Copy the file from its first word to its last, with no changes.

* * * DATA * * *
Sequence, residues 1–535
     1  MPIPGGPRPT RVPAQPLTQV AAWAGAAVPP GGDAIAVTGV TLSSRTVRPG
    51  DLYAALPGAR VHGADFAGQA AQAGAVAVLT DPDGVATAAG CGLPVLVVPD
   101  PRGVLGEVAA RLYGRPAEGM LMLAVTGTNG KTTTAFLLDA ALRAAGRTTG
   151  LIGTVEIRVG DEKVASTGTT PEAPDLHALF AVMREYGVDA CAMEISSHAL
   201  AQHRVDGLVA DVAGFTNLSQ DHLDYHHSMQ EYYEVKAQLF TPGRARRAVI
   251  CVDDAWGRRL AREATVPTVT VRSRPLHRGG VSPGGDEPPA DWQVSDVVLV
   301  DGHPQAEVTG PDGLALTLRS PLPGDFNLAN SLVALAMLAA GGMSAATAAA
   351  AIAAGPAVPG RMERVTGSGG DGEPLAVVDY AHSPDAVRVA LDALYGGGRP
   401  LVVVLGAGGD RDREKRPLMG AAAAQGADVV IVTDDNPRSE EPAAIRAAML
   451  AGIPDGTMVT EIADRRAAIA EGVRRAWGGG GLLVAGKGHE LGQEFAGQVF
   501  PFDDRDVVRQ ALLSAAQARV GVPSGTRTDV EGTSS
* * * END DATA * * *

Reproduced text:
Sequence, residues 1–535
     1  MPIPGGPRPT RVPAQPLTQV AAWAGAAVPP GGDAIAVTGV TLSSRTVRPG
    51  DLYAALPGAR VHGADFAGQA AQAGAVAVLT DPDGVATAAG CGLPVLVVPD
   101  PRGVLGEVAA RLYGRPAEGM LMLAVTGTNG KTTTAFLLDA ALRAAGRTTG
   151  LIGTVEIRVG DEKVASTGTT PEAPDLHALF AVMREYGVDA CAMEISSHAL
   201  AQHRVDGLVA DVAGFTNLSQ DHLDYHHSMQ EYYEVKAQLF TPGRARRAVI
   251  CVDDAWGRRL AREATVPTVT VRSRPLHRGG VSPGGDEPPA DWQVSDVVLV
   301  DGHPQAEVTG PDGLALTLRS PLPGDFNLAN SLVALAMLAA GGMSAATAAA
   351  AIAAGPAVPG RMERVTGSGG DGEPLAVVDY AHSPDAVRVA LDALYGGGRP
   401  LVVVLGAGGD RDREKRPLMG AAAAQGADVV IVTDDNPRSE EPAAIRAAML
   451  AGIPDGTMVT EIADRRAAIA EGVRRAWGGG GLLVAGKGHE LGQEFAGQVF
   501  PFDDRDVVRQ ALLSAAQARV GVPSGTRTDV EGTSS